A monologue with Plywood John

STILL by Adam Thorpe, Secker £15.99
Click to follow
The Independent Culture
RICKY THORNBY, narrator of Adam Thorpe's second novel, is in his late fifties. He has been married twice, has an estranged girlfriend, unfriendly grown-up children and a granddaughter.

He used to be a film-maker; now he teaches film in Houston, Texas. He is over-fond of drink and drugs, tired of living and scared of dying. Sometimes he wears a paper bag over his head, and he can't shut up for a minute. Here we have 600 pages of quasi-interior monologue. Quasi because Ricky pretends to address an audience which he knows is not there; we know it's not there, too, but unfortunately we are, so we must do its listen- ing for it. This coy device enables the narrator to harangue and harass the reader, drone on about his underpants and emissions, and then say disingenuous things like "Look, I'm very sorry to have kept you people".

The pretend audience has been assembled or not assembled to watch or not watch a pretend film: "I am making a film that doesn't exist. Maybe no one'll come to the party. Maybe this film that doesn't exist will play to an empty room. Empty except for myself, which is really empty. What a great metaphor for the brain. I am gripped by a sense of my total isolation. Maybe I'm dreaming."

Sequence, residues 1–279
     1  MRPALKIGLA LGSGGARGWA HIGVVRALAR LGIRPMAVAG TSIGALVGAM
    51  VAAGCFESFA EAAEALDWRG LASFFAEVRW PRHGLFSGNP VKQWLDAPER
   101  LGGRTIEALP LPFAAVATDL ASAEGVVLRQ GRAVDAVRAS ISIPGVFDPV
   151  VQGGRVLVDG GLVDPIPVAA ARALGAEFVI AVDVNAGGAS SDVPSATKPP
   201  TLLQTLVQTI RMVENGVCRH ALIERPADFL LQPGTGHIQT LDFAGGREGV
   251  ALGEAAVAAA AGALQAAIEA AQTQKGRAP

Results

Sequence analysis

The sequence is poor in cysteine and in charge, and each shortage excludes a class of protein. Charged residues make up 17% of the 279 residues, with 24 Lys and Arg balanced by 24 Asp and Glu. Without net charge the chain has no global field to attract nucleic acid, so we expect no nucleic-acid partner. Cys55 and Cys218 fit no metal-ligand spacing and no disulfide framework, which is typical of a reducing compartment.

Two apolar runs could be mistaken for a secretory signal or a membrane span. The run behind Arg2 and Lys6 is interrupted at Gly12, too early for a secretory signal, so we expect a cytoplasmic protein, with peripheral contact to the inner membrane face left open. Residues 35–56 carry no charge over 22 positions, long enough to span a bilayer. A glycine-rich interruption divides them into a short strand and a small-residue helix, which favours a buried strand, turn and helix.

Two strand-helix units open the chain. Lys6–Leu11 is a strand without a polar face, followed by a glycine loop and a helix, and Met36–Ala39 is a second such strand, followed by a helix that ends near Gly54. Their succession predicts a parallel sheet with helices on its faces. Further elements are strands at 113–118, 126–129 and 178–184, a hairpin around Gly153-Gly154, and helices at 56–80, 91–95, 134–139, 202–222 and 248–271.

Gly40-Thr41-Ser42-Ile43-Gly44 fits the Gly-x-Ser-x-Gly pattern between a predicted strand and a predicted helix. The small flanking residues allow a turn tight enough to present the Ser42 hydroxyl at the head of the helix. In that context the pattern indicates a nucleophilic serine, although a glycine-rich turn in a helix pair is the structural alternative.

And so on and on. All this from the author of wonderful Ulverton. Under different circumstances I would have given up by page 100, when my loathing of Ricky and utter lack of interest in his past, present or future, real or imaginary, had reached its zenith. As it was, I persevered, and while I am not convinced that it was worth it, things did improve for a while. By page 200 loathing had diminished, by page 300 I quite liked Ricky and it was only a little before page 500 that the rot set in again.

The improvements occur when the narrator focuses on the central characters of his non-film. These long-dead members of his family are seen in the months preceding the Great War. The doomed young, Giles, Willo and Agatha, talk idly of Servia and Sarajevo, unaware that out in the summer garden "this conversation has about seven million phantoms listening in, including a pair of spectral teeth in a jaw-bone which is all anyone ever found of Willo". In this section of the book Thorpe's lyric strength shines through the prose and sears the relentlessly flip self-conscious style into passages of haunting intensity.

And as the writing becomes less laddish, so it gains in zest and wit. Word games abound, puns, palindromes and cross- references. "This is more like Hemingway, I thought. This is going thennishly." Or Ricky brooding over his rival in love: "... his Vietnam experiences would be falling over themselves to come back and haunt him under the skilled direction of Oliver Stone"; as for himself, "I'm Plywood John".

But alas and alack, the scatology comes dribbling back and with it the total breakdown of wit, elegance and emotional truth. "T.E.D." he says. "Tragic Early Death, stoopids." Stoopid yourself, Rick. Or Thorpe. The embarrassing blurb describes the book as "hilarious", always a lethal warning. It also claims that it will leave you "breathless with terror, with laughter, with grief".

Well, if it does, you are pitiful indeed and should learn by heart the paragraph which begins "Being an old dwarf chrysanthemum is sad ...".